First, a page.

An engaging online discussion held last week discussed the future of Copeland dubbing it the perfect place for start-ups and entrepreneurs to grow and proposer.
Keith McMean the managing director of The Entrepreneurs Group was joined by Copeland’s MP Trudy Harrison and Mayor Mike Starkie for an online webinar hosted by young entrepreneur Oliver Hodgson.
The 30-minute discussion delved into replicating the success of Millom across the borough, as well as talking about the best ways to test markets and how the local organisations are helping young people start out in business.
Speaking post, the online discussion Keith McMean said: “My hope for the area is that it becomes a hub for start-ups and entrepreneurs and that not only our young people are given the opportunity to start a new business, but that everyone who has an idea ‘has a chance’ too. Without entrepreneurs and start-ups, the road to recovery will be a long and difficult one.
“I would also like to see the over 50’s think about starting a business. One thing we do know is that Covid-19 has changed the employment market irreversibly and has made it even harder for older workers aged 50-plus to find a job. We want to help change that too, by giving older people a platform through which they can take back control of their lives by launching a business of their own."
The discussion was prompted following the release of various studies highlighting that young people want to start their own business before the age of 30, the discussion was also prompted following the opening of Whitehaven’s new Bus Station business complex. Something the panel all echoed on is that young people in business and people taking the risk of starting a business in any circumstance should be championed.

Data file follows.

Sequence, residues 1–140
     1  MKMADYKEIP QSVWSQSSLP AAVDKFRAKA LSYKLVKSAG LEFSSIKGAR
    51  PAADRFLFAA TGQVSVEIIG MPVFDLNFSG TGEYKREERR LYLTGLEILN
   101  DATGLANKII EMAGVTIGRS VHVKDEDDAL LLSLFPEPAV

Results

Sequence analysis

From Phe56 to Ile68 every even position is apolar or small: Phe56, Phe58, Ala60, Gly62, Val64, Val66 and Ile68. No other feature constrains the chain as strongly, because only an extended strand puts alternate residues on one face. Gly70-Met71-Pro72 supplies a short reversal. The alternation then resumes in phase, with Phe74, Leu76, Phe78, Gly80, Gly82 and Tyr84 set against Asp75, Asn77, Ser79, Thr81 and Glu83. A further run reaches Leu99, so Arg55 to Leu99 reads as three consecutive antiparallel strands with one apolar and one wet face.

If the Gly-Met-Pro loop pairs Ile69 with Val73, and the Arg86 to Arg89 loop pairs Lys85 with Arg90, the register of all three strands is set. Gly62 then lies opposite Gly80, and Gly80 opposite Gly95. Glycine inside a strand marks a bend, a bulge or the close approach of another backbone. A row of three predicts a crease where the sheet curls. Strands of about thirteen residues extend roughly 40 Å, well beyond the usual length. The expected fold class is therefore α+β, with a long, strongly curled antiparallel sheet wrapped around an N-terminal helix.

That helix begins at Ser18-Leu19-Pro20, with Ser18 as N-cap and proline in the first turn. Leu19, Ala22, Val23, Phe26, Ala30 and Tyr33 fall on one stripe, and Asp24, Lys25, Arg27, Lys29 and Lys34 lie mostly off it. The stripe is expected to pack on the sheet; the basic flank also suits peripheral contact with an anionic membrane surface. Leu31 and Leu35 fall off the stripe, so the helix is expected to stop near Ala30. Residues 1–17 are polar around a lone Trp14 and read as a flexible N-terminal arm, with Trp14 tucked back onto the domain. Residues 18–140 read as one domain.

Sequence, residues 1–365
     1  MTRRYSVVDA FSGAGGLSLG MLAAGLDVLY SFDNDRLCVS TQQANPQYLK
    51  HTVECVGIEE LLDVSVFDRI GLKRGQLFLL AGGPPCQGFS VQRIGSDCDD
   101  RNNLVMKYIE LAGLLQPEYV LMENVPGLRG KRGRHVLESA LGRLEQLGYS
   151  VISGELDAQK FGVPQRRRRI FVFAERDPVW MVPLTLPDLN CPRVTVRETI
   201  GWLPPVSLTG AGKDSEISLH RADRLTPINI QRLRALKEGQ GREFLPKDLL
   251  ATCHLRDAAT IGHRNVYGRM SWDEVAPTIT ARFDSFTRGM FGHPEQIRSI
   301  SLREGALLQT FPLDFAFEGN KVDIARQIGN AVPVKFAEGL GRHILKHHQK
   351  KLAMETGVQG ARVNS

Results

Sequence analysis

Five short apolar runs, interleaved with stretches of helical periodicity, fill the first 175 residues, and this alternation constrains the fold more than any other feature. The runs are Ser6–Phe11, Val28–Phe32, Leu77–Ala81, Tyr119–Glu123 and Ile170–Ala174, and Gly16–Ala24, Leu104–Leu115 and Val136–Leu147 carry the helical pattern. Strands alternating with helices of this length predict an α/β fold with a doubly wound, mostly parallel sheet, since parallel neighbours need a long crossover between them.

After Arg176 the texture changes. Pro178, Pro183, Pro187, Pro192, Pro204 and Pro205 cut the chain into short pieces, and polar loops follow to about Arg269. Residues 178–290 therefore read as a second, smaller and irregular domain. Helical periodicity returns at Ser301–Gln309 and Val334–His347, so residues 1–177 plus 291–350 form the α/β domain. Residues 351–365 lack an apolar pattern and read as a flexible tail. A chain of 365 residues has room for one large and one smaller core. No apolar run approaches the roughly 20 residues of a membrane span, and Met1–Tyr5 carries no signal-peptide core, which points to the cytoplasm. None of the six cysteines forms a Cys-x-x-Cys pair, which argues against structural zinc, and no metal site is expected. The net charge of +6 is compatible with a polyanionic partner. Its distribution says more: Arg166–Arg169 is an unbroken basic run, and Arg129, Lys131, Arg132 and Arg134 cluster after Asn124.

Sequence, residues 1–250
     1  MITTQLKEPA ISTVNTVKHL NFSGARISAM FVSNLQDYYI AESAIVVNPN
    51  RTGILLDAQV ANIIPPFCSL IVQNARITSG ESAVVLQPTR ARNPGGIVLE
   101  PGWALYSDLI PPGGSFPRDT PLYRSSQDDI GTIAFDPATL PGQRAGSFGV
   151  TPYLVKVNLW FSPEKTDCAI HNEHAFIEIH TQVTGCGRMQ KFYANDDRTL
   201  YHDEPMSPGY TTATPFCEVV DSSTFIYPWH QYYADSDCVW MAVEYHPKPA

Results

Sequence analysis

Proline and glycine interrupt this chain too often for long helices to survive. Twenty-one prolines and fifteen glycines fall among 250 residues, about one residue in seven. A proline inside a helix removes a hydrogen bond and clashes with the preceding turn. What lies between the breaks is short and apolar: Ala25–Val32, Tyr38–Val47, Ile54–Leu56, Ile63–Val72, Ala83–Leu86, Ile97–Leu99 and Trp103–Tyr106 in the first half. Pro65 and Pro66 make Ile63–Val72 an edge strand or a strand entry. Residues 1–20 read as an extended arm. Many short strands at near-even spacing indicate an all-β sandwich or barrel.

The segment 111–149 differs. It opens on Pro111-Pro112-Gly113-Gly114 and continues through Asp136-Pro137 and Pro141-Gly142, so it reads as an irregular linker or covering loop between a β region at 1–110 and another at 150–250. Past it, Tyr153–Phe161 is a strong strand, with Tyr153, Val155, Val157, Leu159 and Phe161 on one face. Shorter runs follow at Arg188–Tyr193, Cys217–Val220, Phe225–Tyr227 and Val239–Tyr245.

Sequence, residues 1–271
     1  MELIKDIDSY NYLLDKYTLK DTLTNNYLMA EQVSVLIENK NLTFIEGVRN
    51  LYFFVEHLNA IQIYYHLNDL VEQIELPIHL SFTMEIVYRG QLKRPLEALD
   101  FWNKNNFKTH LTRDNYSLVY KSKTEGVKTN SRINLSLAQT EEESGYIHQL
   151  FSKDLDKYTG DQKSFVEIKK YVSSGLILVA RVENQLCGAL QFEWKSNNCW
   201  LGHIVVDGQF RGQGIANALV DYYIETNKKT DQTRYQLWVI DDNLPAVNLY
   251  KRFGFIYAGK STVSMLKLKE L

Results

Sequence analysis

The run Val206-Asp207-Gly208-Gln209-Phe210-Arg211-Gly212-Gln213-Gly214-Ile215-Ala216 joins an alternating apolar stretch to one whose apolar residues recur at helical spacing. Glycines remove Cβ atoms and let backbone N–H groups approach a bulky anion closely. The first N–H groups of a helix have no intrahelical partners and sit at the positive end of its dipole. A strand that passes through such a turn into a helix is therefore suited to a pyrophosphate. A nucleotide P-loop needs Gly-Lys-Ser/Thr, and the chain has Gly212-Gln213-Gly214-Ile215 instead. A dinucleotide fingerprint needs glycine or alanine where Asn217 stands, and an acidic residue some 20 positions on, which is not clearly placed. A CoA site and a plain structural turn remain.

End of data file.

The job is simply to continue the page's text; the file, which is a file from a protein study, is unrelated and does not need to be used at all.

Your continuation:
MP Trudy Harrison pointed out in the online discussion the sheer possibilities here in Copeland, she said: “I think our natural landscape is a big part of our draw to set up businesses here. So many of us in the last year or so have appreciated working from home and being closer to our community. Not to say all start-ups do start from home but the new working from home environment is obviously going to be a major part of it. We are well connected here and the sheer number of business groups we have, for women in business, young people and groups who are eager to support youthful entrepreneurs.
“As an area and a community, we really do value our entrepreneurs, risk-takers, engineers, and those with the ideas, because they are going to solve the problems of the future. People will be well support around here and much needed because we do need to diversify from the nuclear industry, but we can do this in spin-offs that age decommissioning.
“To anyone looking to start a business my top tips would be to do your research, understand and manage the risk and remember that you are the only person holding you back.”
Mayor Mike Starkie talked about the fact Copeland has long been a vibrant hub for businesses touching on recent initiatives: “Back in 2015, we ran two conferences to get the message out that Copeland is open for business and that it is a good place to do business, the way we measure that is six years down the line the council are earning over a million pound more in business rates per annum from business rates than we were in 2015.
“It’s easy to look down King Street and see there are lots of empty units, but that’s an issue facing most towns throughout England, the reality is there aren’t fewer businesses in 2021 than there was in 2005. Some of the larger retailers have gone and of course, the others aren’t going to set up in Whitehaven if they already have outlets in Workington. That’s why the offer in Whitehaven has got to be different and new, that’s why we are looking at setting up a digital grid in Whitehaven, setting up a more modern destination in town, opening up more tourism and hospitality opportunities.
“One of the things which have worked against entrepreneurism in the area is that there are so many good well-paid jobs in the area and so we’ve got to drive diversity in the area. Sellafield is in decommissioning mode that’s going to change but with that, it’s going to bring a raft of new and in some cases better opportunities.”